Brutal butchery to cleanse everyone’s palate—whether they wanted it or not.
At the same time that Bucky was dying across the face of Battleworld, Marvel launched a Bucky-centric title that overlapped with both the conclusion of Secret Wars and the start of the All-New All-Different universe—Captain America: White by Jeph Loeb. This more-classic-than-classic Cap ‘n’ Bucky story took the character back to his origins as the markedly younger, almost-little-brother-like, hot-headed sidekick of straight-laced Steve Rogers. It was the most classic take on the character since the Brubaker-era Cap & Bucky run, and I don’t think that this was an accident. Ales Kot took Bucky from fatalistic forever soldier to contented man of peace; fanfic writers took him from unknown quantity of dubious motivations to trauma survivor battling PTSD to reconnect with the love of his life.
And Jeph Loeb walked him right back to his macho starting point.
Now we’re all set for the reintroduction of a Bucky Barnes who is much more like the Bucky Barnes that Ed Brubaker left us. Bucky will play a large, though morally ambiguous, role in the Avengers: Standoff crossover—just about to get into full swing—and he’ll straddle the border between anti-hero and outright villain in Thunderbolts—a personal conflict that seems to dovetail with the personal conflicts that the MCU version of Bucky will struggle with in the upcoming Captain America: Civil War. All very nice and neat. Marvel is betting that a majority of fans want the old hyper-masculine Bucky back, and it’ll be interesting to see how that bet pays off.
I think there’s no question that a decision was made to get Bucky back to a more Brubaker style of character in the wake of the financial failure of the Ales Kot interpretation, but it also seems as if the various deaths of Bucky Barnes in Secret Wars were intended to take a swing at fan interpretations of the character. That is, of course, difficult to say definitively. What happens behind the scenes at Marvel’s creative division typically stays behind the scenes, and creator motivations are often difficult to parse. And yet there’s no question that fan interpretations of Bucky Barnes—for better or for worse—influenced how he was depicted in Secret Wars.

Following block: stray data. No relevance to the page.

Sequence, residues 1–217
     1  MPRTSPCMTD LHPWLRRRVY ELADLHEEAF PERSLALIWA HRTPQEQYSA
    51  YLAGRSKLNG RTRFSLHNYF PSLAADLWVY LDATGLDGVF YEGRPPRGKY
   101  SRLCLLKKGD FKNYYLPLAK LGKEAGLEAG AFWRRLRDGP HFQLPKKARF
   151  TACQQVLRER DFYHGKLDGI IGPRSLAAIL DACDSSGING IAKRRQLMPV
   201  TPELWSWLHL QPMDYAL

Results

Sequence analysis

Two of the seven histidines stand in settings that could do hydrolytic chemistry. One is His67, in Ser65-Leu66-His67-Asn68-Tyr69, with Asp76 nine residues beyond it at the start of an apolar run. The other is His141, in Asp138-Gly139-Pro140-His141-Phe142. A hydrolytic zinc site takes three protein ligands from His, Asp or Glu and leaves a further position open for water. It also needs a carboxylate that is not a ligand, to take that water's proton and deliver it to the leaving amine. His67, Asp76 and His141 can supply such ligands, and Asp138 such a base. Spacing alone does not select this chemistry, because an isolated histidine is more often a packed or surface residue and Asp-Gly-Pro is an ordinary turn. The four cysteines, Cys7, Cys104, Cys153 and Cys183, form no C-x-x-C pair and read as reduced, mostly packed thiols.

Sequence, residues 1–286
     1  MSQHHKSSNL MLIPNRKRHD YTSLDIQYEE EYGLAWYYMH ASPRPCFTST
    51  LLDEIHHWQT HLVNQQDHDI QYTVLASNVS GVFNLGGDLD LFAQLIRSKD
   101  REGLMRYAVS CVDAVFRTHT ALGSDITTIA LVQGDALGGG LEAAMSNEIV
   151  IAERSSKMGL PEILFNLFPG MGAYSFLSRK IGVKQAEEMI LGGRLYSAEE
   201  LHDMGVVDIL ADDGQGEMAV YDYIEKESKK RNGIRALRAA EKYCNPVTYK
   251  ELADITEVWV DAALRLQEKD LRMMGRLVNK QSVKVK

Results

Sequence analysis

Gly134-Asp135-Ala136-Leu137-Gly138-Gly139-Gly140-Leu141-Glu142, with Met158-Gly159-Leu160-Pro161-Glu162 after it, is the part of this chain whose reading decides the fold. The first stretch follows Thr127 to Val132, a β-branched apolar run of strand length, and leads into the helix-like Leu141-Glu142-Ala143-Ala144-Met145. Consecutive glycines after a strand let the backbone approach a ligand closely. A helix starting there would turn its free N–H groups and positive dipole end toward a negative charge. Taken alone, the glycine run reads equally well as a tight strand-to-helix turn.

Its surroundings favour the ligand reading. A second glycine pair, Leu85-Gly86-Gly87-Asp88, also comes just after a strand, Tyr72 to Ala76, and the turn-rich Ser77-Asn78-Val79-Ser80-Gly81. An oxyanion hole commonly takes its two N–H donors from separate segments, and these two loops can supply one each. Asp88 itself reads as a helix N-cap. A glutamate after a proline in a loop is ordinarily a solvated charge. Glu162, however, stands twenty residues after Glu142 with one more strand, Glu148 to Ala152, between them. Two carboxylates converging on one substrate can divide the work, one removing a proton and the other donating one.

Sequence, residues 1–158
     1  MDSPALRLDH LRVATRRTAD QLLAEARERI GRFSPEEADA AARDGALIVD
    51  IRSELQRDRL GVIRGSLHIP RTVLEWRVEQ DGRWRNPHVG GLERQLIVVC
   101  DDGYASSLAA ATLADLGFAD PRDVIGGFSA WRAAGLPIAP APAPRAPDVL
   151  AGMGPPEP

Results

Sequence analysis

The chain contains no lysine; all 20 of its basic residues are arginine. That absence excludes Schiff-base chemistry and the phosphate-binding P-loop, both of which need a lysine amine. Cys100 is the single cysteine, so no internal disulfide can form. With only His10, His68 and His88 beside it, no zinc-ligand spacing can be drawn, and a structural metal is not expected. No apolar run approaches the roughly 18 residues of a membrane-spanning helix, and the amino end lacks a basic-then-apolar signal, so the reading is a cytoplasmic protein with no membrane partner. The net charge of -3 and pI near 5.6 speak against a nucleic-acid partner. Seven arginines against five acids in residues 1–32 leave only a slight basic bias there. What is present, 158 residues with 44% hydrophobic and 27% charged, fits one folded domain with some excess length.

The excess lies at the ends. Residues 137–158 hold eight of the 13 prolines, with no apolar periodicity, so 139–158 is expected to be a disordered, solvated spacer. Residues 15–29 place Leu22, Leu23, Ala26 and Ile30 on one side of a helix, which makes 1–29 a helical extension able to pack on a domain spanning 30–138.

Whether the canonical destruction of various fanfic!Bucky archetypes was subconscious or deliberate, the fact that it happened at all is suggestive of the general culture of comics and comics fandom. Fanfiction, whose proponents have historically been overwhelmingly female, is often derided as an inauthentic expression of fanhood in comparison with the collecting of comics, merchandise, and canonical knowledge. It is productive rather than curatorial, and it transgresses canon by creating new possibilities for stories and characters that lie outside corporate control. In doing so, fanfiction challenges both the established narrative and the concept of who has a right to control that narrative. Viewed from this perspective, the multiple deaths of Bucky Barnes in Secret Wars might be seen as an assertion of narrative ownership over the character.
Creating a collection of Bucky Barneses who manifest the characteristics of fanfiction versions of him only to emphatically eradicate their existence and return the character to a pre-fanfic (and thus pre-transgressed) status quo sends a message—not necessarily about who is welcome in the fandom and who is not (Marvel is a corporation, after all, and as such they welcome everyone’s hard-earned cash) but about who controls the narrative.
Enjoy the show.